Current Theme Song (aka what's playing on my ipod right now): World on a String by The Immediate.
My reviews are a bit different than most. As an undercover superhero (ordinary girl extraordinaire), my purpose is to try and uncover hidden gems lost from the familiar radar. Because of this, I have set up some guidelines for myself (just like the pirate code). :)
I will focus on YA and Children's literature (with very rare exceptions).
I will not review any book that is one of the top 25,000 bestselling books (based on Amazon ranks).
I will try and aim for books 100,000 or larger.
I will review recent books or books of great merit (preferably both).
Rot and Ruin by Jonathan Maberry
Published: September 14, 2010
Publisher: Simon and Schuster
Current Amazon Rank: #42,837
Author's Website: http://jonathanmaberry.com/
Want it? Find it here.
The First Line:
Benny Imura couldn't hold a job, so he took to killing.
I don't like zombies. Sorry guys, I find them creepy and not cool. I like zombie books even less. They seem like generic monsters (or freakishly fast ones, or with some other twist-like alteration) and full of blood and gore, often (to me) unnecessarily. Ick. But with that caveat, let me say I *loved* Rot and Ruin. No, let me say I adored it. Why? Let me tell you.
This is not your typical zombie book. The zombies are typical (which, ironically, adds to the mythology and makes this story even cooler. Go figure). Sure there is plenty of action, and a decent amount of biting if you know what I mean, but this book has serious heart. I'm not kidding on that. I read in an interview somewhere with Jonathan Maberry that he said (something to the extent of) that good horror isn't about the monsters. It is about people put under extraordinary circumstances and seeing what they become/are made of. I really like that. And under that definition, this is good horror.
Benny hates his brother. In fact, he loathes him. He may have been barely able to remember First Night when the zombies took over, but he has a clear memory of Tom taking him, looking at their mother and running away from it all, and leaving her to the zombies. Everyone thinks Tom is wonderful, but Benny knows the truth.
But he has no choice. Now that he is of age, he has to work or he doesn't get rations. But no place will take him, so he is forced to work for Tom, a zom bounty hunter, or "closure specialist" as he likes to be called. But not is all it seems out in the Rot and Ruin as Benny soon discovers. The real monsters are not always who they appear to be, and he may learn more about his brother than he ever dreamed.
Part dystopian, part horror, part action-adventure and more than part heart-warming tale about two brothers relying on each other in a world gone mad, this is one excellent story. I cannot tell you how happy I am it was nominated for a Cybils. There is so much to like about this book. It is tight and fast paced (I finished it in a single sitting, which is no small feat for me, nor the fact is was almost 500 pages. Don't let that deter you though, or the cover for that matter. It goes by fast), and it has complex characters and a story that really makes you think. I honestly never thought of zombies this way before, and it's awesome.
And can I say how much I LOVED that Tom and Benny were Japanese? I mean, Tom carries a freaking katana! And he uses with deadly accuracy too. (Oh my gosh, Tom is so cool). And you know what? It makes total sense. Zombies are attracted to sound, so why on earth would you be blasting away with a shotgun? A katana is silent, fast and deadly, and the scenes where Tom uses it are fantastically written. (You can tell I will be geeking out about this for a while). And more than that, he adds real Japanese culture to this, having Tom teach Benny and his friends Bushido (the way of the samurai warrior). No Asian-geek, friend-made-for-the-sideline stereotypes here and I cannot tell you how much I love that or how much it adds to the story. He adds other bits too, like wearing coats made of carpet material when they go out into the Ruin because the zombies can't bite through it. Other details like this make the world completely immersive.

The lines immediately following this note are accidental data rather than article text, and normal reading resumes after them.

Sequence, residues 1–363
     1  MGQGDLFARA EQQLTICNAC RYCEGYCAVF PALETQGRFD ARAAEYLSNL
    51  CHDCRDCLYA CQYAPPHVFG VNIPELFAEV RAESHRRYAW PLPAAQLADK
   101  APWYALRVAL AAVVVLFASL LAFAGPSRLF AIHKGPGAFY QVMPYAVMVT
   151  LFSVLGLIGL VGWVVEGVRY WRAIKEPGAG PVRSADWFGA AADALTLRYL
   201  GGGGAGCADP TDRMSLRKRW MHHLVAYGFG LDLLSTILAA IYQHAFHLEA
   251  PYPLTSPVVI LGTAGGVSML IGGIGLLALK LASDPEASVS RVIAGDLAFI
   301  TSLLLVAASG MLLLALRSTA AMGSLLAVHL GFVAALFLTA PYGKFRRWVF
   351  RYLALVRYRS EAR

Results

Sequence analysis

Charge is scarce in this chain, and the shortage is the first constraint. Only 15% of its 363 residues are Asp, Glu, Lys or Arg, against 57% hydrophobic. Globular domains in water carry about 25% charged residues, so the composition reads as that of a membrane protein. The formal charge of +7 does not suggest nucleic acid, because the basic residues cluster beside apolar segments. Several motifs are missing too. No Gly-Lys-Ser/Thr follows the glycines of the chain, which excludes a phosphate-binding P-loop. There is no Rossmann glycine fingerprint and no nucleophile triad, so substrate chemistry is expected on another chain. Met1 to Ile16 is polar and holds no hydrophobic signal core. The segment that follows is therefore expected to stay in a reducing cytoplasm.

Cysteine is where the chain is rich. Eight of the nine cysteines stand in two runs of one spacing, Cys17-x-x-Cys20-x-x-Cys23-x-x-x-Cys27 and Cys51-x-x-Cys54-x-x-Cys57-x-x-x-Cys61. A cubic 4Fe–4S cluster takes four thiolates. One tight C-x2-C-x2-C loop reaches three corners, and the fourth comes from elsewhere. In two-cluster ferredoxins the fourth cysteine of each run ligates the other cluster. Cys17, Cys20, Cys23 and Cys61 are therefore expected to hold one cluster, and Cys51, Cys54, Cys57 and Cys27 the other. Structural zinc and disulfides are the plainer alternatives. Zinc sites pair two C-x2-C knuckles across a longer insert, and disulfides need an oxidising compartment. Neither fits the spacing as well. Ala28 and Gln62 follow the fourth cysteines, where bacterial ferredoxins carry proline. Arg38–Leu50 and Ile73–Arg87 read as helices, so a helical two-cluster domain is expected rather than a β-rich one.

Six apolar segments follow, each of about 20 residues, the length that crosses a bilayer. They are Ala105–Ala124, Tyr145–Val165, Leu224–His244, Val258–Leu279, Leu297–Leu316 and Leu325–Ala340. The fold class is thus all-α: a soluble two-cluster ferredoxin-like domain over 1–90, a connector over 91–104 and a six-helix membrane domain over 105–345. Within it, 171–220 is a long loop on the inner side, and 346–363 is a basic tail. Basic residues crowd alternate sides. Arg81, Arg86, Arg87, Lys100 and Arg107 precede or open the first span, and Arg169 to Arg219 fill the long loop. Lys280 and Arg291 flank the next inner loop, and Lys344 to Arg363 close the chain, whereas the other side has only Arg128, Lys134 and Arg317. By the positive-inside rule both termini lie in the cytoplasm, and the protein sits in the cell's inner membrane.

There is also a western meets seven samurai flair that I absolutely loved (the tale of the Seven Samurai is a famous Japanese story that is retold extensively in the east and west). There is one scene in particular I swear I could hear the theme song from The Good, the Bad, and The Ugly playing when Tom comes up behind the real baddie to protect his little brother. Squee! Love. :)
The writing is tight, but lacking in a few areas, but not many. The fixation on the "Lost Girl" didn't seem quite as needed as it was, compared to Tom and Benny's relationship, but it was not overly distracting (and probably needed to propel this into a series - which it is!) :D There is some language (just as a warning) and obviously some violence, so keep that in mind, but this is much more a thought-provoking and story of the heart than a gore-fest. Tom teaches Benny that not everything is what it seems out there and he opens his eyes to a much bigger view about the world, his brother, and himself.
Good story. I am eagerly awaiting the sequel (it closes up quite nicely, so no cliffhanger ending for those of you who might have been afraid of that). You might say I have become a zombie book convert. Well, to this particular world of Jonathan Maberry's, I have. :)
The Final Word: More than anything, this is a beautiful and heartwarming story about the relationship between two brothers and seeing monsters are rarely what they seem.
(I am so excited for an interview with Jonathan Maberry tomorrow, let me tell you. He is one fascinating dude).